In the Lead2021-01-07T17:39:15-04:00


In the Lead

Black Women EPD
Back to the Future: Black Women’s Equal Pay is 100 Years Too Late

Mark 2130 on your calendars, it’s set to be a momentous year. Far from being the year we invent time travel, it’s the year Black women are finally projected to close the wage gap and catch up to White men’s earnings. And that milestone is set to arrive 110 years too late.

Black Lives Matter
IWPR Staff Statement on Black Lives Matter

We mourn and condemn the murders of George Floyd, Breonna Taylor, Ahmaud Arbery, and the many others who have lost their lives to police violence and racial hatred. We send our heartfelt condolences to their families and the communities that have been impacted by the loss of their loved ones, and commit to working alongside them until there is justice.

Spill the Tea
Spilling the Tea: Why Salary Transparency is Necessary for Pay Equity

Knowledge is power—especially when it comes to your paycheck.

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Breaking Barriers, Increasing Visibility for Students with Children

This guest blog post is authored by Ashlee Hernandez, a 2021 alumni of Cal Poly’s Higher Education Counseling and Student Affairs graduate program and former student parent. The article was written in connection with IWPR’s Student Parent Success Initiative. Every semester, I pleaded with my professors to release me early from class so I could run to the on-campus child care center before it became dark. To get our parking spot, I needed to walk a mile off-campus where the [...]

Anti-Abortion Laws Cost Americans—and This Supreme Court Case Threatens to Make It Worse

2021 is on track to be the most restrictive anti-abortion year ever among state legislatures. Since January, over 500 abortion restrictions have been introduced across 47 states. Already, this is the second greatest number of restrictions in one year in American history. Just last month, Texas Governor Greg Abbott signed into law a new bill that bans abortions after detection of a fetal heartbeat, as early as six weeks. This legislation also allows private citizens to sue abortion providers. Thus, [...]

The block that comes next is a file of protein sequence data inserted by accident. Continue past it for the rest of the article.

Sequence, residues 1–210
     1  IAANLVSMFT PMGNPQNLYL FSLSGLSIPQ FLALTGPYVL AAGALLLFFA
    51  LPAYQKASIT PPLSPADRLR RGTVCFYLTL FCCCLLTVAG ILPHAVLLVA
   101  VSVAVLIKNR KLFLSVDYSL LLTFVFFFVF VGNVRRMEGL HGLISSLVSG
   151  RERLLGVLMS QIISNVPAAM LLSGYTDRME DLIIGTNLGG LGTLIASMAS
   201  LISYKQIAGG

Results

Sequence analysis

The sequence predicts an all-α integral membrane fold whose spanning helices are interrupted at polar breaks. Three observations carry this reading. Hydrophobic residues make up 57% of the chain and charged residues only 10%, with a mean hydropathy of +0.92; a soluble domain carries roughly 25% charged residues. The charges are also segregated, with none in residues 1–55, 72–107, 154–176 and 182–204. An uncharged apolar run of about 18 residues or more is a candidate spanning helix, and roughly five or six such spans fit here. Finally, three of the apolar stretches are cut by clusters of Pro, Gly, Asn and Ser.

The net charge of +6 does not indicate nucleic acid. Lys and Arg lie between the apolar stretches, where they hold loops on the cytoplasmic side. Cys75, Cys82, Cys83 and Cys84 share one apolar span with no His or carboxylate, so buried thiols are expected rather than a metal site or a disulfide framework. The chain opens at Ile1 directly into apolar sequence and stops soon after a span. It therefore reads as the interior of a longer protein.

IWPR Testifies to Congress on the Importance of an Accessible, Affordable Child-Care System

The COVID-19 pandemic has underscored the need for a robust child-care infrastructure in the United States. As the country emerges from the COVID-fueled recession and the Biden administration builds its recovery policy, the Institute for Women's Policy Research (IWPR) remains a strong advocate for the needs of parents and child-care workers. “The lack of access to affordable, reliable child care not only makes it harder for parents to work, it perpetuates systemic gender, racial, and class inequalities by relying on [...]

IWPR’s New Working Moms and the Economy Survey Finds U.S. Moms Want Policy Solutions for Care, Leave, and Jobs

Mothers bear the brunt of paid and unpaid childcare labor: Moms are the majority of childcare workers—frontline jobs which are among the lowest paid occupations for women— and take on the majority of childrearing responsibilities in their own homes. Even before the Pandemic, the motherhood penalty meant mothers earned much less than fathers even working full-time year-round. In 2019, Latina mothers made 46 cents, Indigenous mothers 50 cents, Black mothers 52 cents, White Non-Hispanic mothers 71 cents, and Asian American [...]

Working Families Need Bold Child Care Solutions – This Reintroduced Bill Could Be the First Step

For the first time in half a century, the US is close to addressing its child care crisis. In the 1970s, Congress was prompted by the shift of more women in the workforce. They nearly passed a bill that would have funded locally run childcare centers around the country, but was vetoed by then-president Nixon for being in favor of “communal approaches to child-rearing" rather than a “family-centered approach”. In both 2017 and 2019, Senator Patty Murray (D-Wash.) and Representative [...]

April 26, 2021|Categories: In the Lead|Tags: , , , |

Young Women in the “She-cession”: Centering the Experience of Young Women of Color

The COVID-19 pandemic has exacerbated deep-seated inequalities in the society, with communities of color and low-wage workers who are disproportionately women, racial minorities, and young workers bearing the brunt of the pandemic’s health and economic impact. Since the beginning of the pandemic, scholars and activists have called attention to the “intersectional vulnerabilities” laid bare by the pandemic. An intersectional perspective highlights how various structural inequalities interconnect and shape the unique experiences of groups situated differently on the “matrix of domination.” [...]

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